To have another language is to possess a second soul
I’m trying to learn Spanish. Let me rephrase that: I’m learning Spanish. I’m banishing negative self talk about it like, “I’m way too old to learn a whole new language,” and (imagine a whiny voice) “This is hard.”
I do at least have a bit of leg up on people from some other parts of the States and Canada who come to Mexico since I lived for over 30 years in Southern California. It was, of course, part of Mexico up until 1849 and still remains a largely Hispanic city. You pick up a certain amount of Spanish by osmosis. I already knew, for example, that Hermosa Beach translated to beautiful beach; that Puente was bridge; and that you didn't need to say La Brea tar pit because La Brea meant tar pit. I could correctly pronounce Sepulveda, La Cienaga, and Cahuenga boulevards. And in general I developed an ear for what Mexican Spanish should sound like.
Olvera Street in down town LA: really
When I made the decision to move to Mexico I frantically started listening to Spanish language tapes in my car. On arriving here, I noticed people looking at me funny when I attempted to speak and discovered that I had been studying Spanish Spanish and not Latin American Spanish. They’re the same language of course, but with subtle differences in usage. My Pimsleur tape instructed me to say, “Encantada” on meeting someone. Mexicans are much too polite to snicker but I’m sure they were amused inside when I said the flowery, “enchanted.” I learned quickly that here people say, “Mucho Gusto.”
The year I lived in San Miguel de Allende it was all too easy to be lazy about it because there is such a huge ex-pat population and so many of the Mexicans that work in the largely tourist industries speak English. You could go days without hearing anything but English spoken. Still, I bought and started plowing through Rosetta Stone Spanish, which many people swear by. I find it a bit tedious, but perhaps because I already spend so much time at my computer that another hour a day is a chore. I do, though, like a podcast from, of all places, Scotland called “Coffee Break Spanish.” They’re 15-minute conversation sessions on specific topics and I’ve learned a lot by listening while making my dinner or doing other chores.
When I moved to Mineral de Pozos, the situation became more urgent. The foreign population is much smaller and far fewer of the locals speak any English.
Pozos: not a lot of English spoken here
I’ve discovered that learning functionally is a good method for me. If I need to say something, I use a translation program that lets me see and hear what to say. Then once I’ve used it, it tends to stick. The flaw with this method is that then people respond and I have no idea what they are saying! My Mexican friend Rosa wants to learn English so we spend an hour every week helping each other. I also watch movies with Spanish sub-titles and usually pick up a word or two each time.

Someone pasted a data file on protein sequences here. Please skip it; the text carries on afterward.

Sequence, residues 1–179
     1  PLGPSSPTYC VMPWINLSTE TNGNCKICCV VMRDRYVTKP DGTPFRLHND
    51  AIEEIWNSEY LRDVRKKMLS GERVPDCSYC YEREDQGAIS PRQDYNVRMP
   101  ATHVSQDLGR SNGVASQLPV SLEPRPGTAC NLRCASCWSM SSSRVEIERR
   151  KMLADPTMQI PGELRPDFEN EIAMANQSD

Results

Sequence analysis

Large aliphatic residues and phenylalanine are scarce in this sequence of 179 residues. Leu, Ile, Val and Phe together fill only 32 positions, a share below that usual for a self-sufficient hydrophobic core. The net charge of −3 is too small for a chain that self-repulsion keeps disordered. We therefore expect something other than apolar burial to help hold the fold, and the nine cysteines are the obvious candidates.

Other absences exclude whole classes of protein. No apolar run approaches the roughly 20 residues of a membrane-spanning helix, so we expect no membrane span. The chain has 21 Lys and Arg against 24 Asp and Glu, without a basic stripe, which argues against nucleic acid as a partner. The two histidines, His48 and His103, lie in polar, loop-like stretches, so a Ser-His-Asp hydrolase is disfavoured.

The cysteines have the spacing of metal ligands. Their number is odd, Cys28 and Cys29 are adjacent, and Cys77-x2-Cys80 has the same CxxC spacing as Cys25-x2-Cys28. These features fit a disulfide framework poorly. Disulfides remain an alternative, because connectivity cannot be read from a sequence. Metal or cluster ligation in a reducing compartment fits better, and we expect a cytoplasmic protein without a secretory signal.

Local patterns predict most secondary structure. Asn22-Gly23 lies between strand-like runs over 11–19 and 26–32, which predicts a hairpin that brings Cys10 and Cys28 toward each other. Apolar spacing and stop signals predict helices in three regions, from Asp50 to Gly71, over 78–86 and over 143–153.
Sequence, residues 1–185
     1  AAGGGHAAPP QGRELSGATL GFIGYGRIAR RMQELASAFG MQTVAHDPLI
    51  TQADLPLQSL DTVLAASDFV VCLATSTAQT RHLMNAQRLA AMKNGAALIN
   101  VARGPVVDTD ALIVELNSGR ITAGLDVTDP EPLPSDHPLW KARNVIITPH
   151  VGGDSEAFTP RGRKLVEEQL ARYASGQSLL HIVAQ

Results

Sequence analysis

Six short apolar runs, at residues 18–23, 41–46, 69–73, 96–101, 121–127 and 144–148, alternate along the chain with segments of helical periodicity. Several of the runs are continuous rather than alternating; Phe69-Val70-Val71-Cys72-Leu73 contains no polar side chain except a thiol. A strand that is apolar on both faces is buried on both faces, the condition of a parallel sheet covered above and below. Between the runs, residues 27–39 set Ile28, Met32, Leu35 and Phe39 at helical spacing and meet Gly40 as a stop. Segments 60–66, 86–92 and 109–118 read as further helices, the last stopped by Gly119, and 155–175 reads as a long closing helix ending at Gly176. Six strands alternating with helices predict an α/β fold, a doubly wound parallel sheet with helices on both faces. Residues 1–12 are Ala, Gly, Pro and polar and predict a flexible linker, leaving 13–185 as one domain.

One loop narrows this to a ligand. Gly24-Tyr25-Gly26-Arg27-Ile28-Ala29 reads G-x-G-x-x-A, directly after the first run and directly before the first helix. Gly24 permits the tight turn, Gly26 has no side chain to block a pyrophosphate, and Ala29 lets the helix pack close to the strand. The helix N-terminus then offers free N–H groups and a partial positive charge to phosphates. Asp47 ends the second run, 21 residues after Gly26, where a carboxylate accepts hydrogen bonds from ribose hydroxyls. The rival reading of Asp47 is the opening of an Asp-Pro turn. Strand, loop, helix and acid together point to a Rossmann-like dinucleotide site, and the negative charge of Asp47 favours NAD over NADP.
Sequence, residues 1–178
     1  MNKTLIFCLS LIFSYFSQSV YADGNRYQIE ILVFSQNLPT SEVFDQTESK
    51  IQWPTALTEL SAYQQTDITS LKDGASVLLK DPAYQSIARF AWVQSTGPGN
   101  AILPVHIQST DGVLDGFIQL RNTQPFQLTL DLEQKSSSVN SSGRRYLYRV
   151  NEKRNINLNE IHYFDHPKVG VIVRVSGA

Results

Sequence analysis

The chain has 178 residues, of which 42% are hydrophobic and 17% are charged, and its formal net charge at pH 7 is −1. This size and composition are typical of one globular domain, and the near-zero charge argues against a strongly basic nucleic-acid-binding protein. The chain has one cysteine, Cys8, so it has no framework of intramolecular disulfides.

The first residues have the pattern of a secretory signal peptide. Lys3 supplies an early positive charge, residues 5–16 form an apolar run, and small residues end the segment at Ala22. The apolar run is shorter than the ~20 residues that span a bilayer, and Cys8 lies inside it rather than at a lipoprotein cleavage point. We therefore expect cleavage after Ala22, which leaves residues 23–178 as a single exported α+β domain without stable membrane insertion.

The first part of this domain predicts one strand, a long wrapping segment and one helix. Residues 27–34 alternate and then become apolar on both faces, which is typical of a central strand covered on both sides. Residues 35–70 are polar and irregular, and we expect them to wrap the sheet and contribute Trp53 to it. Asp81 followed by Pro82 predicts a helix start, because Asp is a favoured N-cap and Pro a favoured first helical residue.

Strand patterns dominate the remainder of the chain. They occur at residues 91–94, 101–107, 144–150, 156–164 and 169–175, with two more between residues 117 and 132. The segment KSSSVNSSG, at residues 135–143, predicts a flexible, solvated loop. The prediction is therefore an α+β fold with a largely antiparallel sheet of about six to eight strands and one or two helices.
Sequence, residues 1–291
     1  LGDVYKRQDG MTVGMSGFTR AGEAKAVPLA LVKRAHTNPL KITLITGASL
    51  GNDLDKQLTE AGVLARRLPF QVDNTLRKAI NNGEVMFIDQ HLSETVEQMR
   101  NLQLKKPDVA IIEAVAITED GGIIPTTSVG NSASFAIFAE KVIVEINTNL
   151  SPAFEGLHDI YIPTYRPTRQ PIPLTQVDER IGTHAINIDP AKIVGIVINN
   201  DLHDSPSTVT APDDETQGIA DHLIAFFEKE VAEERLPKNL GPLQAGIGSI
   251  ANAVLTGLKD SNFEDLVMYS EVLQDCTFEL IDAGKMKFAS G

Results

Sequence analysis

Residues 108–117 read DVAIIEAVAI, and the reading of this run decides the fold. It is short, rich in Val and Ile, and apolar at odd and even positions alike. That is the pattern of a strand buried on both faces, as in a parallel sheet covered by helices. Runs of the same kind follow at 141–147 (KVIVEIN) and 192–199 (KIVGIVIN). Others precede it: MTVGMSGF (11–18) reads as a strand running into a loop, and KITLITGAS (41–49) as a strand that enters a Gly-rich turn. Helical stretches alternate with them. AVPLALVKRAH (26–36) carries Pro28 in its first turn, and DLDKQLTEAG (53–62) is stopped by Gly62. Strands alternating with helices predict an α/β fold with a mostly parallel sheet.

Rosa and I: able to communicate against the odds
In the last year and half, I think my Spanish has improved exponentially but I have problems conversing because I’m still translating everything in my head. By the time I’ve figured out what to say, everyone else has moved on. I also understand a lot more than I can speak.
This year my resolution was to get fluent. In talking to friends, I discovered that several others in our little town had made the same determination. So we got together and hired a Spanish teacher from San Luis de la Paz to come to Pozos twice a week. The lovely and patient Lourdes is taking us rapidly to the next step. But, it seems, there’s no getting around the issue of learning some things by rote: like verb endings. It brings up memories of sitting in a hot African classroom chanting French and Latin conjugations.
I was struggling yesterday to memorize the Spanish verb ser “to be” (not to be confused with estar, the other Spanish verb “to be”), when out of a brain cell lingering from around 1965, up bubbled the Latin conjugation for “to be” in all its tenses! Spanish is not identical to Latin, but close enough that it was like a light shining on it and I suddenly got it. Right after that, I also called up the Latin conjugation of “to love.” Again, the verb endings were so close that it became a tremendous shortcut for me. There was also something about the memory of the rhythm of chanting them that helped me chant the Spanish verbs.
And hey, I am living in Latin America.
And hey, I am living in Latin America.
So here’s a shout out to Miss Linder, who as a young women in the 1960s valiantly drilled Latin verbs into the heads of a bunch of fidgety teenagers at Umtali Girls High, most of whom couldn’t really figure why we needed to learn a has-been language. Miss Linder is advanced in age and still living in Umtali (now renamed Mutare) so she might like to know: it came in handy after all!
Somebody posted this picture to my old high school facebook page,
showing Miss Linder back row left: still teaching long after I had gone.